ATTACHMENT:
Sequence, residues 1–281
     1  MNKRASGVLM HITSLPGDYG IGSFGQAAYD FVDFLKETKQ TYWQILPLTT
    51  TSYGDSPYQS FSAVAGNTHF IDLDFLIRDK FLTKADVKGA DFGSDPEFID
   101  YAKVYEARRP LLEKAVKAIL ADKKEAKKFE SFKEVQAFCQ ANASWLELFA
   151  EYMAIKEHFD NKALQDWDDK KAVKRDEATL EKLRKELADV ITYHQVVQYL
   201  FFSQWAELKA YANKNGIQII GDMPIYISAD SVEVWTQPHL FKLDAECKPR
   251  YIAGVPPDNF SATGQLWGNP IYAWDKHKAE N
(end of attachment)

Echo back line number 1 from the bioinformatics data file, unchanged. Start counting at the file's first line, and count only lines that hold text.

Sequence, residues 1–281